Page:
Two paintings hanging on a white wall. The painting on the left is square and features a side profile portrait of a man with brown skin a, black hair, and a black mustache, looking to the right on a blue background. The words "Will E Mays" hover the man's large nose. The paining on the right is rectangular, and features a man in profile, facing left, with darker brown skin, black hair, and a black mustache on a deep blue background, wearing a lime green shirt.

Billy White

Adams and Ollman is pleased to present a solo exhibition of paintings by Billy White (b. 1962, lives in Hercules, California, and works in Richmond, California). Marking the artist’s first solo exhibition on the West Coast, the show will feature a selection of his expressive portraits made between 2016 and 2019. The exhibition is on view January 9 through February 6, 2021.

With graphic marks and emphatic colors, White conjures portraits that are celebratory and personal. Muscular and energetic brushstrokes coalesce to form complex images that are more emotional than representational. White’s subjects include his family and himself, as well as iconic figures from the worlds of film, television, music, sports, and art history. Captured in profile and at the front of the picture plane, each figure appears isolated, their likeness distilled to essential elements and forms assembled with bold lines and gestures. Often with unexpected shifts in perspective, the resulting works are psychologically-charged depictions of the human form.
Since 1994, Billy White has worked at Nurturing Independence Through Artistic Development (NIAD), a progressive art studio in Richmond, California, that supports the careers of artists with disabilities.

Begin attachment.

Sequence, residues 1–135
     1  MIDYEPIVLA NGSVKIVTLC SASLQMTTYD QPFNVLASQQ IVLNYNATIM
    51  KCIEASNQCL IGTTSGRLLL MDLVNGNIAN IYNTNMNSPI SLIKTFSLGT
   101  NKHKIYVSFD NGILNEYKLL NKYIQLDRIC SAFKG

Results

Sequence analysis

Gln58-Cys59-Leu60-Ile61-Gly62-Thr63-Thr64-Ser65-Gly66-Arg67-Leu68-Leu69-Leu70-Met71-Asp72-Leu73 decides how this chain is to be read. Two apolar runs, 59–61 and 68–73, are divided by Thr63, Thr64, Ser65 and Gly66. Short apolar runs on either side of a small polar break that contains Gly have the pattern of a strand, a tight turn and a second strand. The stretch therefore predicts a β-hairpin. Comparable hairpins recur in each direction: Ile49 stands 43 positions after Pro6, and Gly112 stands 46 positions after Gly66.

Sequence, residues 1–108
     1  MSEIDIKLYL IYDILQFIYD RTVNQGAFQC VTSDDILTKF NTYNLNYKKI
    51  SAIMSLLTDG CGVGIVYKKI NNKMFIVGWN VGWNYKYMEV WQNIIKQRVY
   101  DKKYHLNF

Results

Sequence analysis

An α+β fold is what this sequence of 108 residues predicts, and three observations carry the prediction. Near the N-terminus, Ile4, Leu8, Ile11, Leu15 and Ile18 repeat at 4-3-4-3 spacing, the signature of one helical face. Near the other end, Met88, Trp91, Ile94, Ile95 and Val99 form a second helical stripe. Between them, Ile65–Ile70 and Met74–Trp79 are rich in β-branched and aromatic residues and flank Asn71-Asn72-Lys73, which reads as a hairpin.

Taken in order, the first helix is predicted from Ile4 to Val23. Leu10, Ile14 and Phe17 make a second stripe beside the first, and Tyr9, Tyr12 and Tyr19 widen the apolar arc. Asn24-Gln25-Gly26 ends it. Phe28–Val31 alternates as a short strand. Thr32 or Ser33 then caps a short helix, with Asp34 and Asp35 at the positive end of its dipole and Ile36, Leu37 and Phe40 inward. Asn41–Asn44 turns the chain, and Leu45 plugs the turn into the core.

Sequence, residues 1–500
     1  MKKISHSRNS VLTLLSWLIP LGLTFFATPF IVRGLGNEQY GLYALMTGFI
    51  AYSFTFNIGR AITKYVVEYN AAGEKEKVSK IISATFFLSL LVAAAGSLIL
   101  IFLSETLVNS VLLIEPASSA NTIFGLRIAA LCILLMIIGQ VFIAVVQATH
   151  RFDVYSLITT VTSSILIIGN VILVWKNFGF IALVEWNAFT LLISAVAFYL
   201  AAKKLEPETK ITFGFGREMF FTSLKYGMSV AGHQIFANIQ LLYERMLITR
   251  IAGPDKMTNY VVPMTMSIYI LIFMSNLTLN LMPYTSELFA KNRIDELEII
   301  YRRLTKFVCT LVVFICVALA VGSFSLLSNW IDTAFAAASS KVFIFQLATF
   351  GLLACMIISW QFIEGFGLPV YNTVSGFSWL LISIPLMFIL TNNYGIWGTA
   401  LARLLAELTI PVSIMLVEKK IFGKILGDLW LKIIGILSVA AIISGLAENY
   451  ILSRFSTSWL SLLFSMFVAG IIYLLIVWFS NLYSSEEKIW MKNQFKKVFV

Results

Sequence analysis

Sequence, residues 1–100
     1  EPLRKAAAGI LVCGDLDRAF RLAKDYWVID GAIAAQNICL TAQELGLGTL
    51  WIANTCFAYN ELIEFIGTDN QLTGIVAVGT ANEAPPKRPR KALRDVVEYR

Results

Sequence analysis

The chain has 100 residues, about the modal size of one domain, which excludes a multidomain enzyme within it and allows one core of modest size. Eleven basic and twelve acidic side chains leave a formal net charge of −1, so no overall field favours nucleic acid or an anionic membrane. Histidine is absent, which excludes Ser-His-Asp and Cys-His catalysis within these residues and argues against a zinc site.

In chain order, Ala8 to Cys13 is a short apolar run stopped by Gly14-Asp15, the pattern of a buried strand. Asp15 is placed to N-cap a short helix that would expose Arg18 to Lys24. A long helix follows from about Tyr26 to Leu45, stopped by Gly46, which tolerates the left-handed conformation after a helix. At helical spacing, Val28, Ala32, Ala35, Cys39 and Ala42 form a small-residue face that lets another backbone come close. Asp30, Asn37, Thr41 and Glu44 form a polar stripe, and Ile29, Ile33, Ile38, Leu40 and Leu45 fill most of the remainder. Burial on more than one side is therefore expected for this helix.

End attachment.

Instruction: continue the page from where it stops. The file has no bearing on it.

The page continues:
An arm reaches out from the bottom left of the frame to touch a sandy-colored rock wall. The arm has a long sleeve white shirt, the rock wall has grooves and marks of various depths. The image is slightly blurred, indicating that it was taken while the camera-holder was in motion, as if walking.

Timelines for the Future: Christine Hope Sandoval

We already know where we exist in the land, how we have remained for thousands of years in the place of our ancestors. We are rising from the ground and literally toppling colonial structures and its monuments to genocide. The seeds of our future have always been alive and present, and are growing into visible manifestations of what we know to be the truth.”   –Christine Howard Sandoval

Christine Howard Sandoval’s practice revolves around the embodied act of walking on sites of precarious and contested land. Negotiating the material contours of urban and rural landscapes, their inherent layers of human memory, and their political and ecological stakes in the present, she seeks to un-learn things as they are. Through sustained artistic research, and working through video, drawing, and sculpture, she forges future imaginaries of place that emerge from competing records of human inhabitance.

Working with community members, anthropologists and scientists, and researching historical documents, Howard Sandoval often creates scripted narratives that are performed as voice-overs in videos that trace her laborious walking paths. Through an experimental use of film, she provides disorienting bodily perspectives that destabilize the norms of viewing, moving away from the photographic gaze and its extraction of images from place. Walking thus becomes an active form of knowledge creation. Embedded with site-specific materials, Howard Sandoval’s drawings and sculptures seek to counteract the distance and abstraction of cartography and its complicity with territorial imposition. Her archival constellations act as an unwinding of imaginaries in search of alternate forms of inhabitation and human agency.

The Disjecta exhibition will present a series of new and recent works that encompass these many facets of Howard Sandoval’s oeuvre. Channel (2016-19), a passage of sculpture, video installation, and mixed media drawings, addresses the complex relationship between Hispanic and Native agrarian histories and current riparian rights and land uses. Live Stream (2018) is a performance-based video that re-inscribes disappeared migratory paths and waterways in and around the site of the Acequia Madre in Taos, New Mexico; drawing on her research on ancient water democracies (Acequias). Filmed using a body-cam, the video work sets out to deflect the surveillance-oriented nature of this technology to create an embodied portrait which foregrounds invisible and contested narratives of human inhabitation.